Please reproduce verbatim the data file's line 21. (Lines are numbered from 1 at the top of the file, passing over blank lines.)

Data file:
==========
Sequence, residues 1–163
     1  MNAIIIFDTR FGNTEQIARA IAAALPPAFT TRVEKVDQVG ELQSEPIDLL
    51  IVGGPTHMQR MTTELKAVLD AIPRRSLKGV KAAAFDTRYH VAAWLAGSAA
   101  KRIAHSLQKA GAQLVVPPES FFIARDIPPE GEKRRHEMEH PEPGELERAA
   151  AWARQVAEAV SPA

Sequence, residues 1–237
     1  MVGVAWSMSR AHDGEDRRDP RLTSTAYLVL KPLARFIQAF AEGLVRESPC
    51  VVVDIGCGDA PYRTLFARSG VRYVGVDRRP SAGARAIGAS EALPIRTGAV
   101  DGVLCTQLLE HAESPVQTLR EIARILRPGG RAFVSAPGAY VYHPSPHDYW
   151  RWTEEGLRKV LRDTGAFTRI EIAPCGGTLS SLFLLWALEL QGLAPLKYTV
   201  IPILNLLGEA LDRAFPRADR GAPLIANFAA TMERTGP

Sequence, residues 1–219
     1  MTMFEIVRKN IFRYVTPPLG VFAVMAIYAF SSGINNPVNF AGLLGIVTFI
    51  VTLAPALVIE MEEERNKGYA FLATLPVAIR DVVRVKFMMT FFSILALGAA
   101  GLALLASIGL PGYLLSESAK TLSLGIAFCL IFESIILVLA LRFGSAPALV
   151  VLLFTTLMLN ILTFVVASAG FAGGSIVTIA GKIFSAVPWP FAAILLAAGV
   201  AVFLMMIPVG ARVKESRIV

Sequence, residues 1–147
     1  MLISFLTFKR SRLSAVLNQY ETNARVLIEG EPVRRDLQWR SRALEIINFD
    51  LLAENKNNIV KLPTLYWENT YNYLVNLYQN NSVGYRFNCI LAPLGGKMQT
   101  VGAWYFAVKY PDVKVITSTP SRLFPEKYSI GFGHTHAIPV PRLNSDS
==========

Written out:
   101  VGAWYFAVKY PDVKVITSTP SRLFPEKYSI GFGHTHAIPV PRLNSDS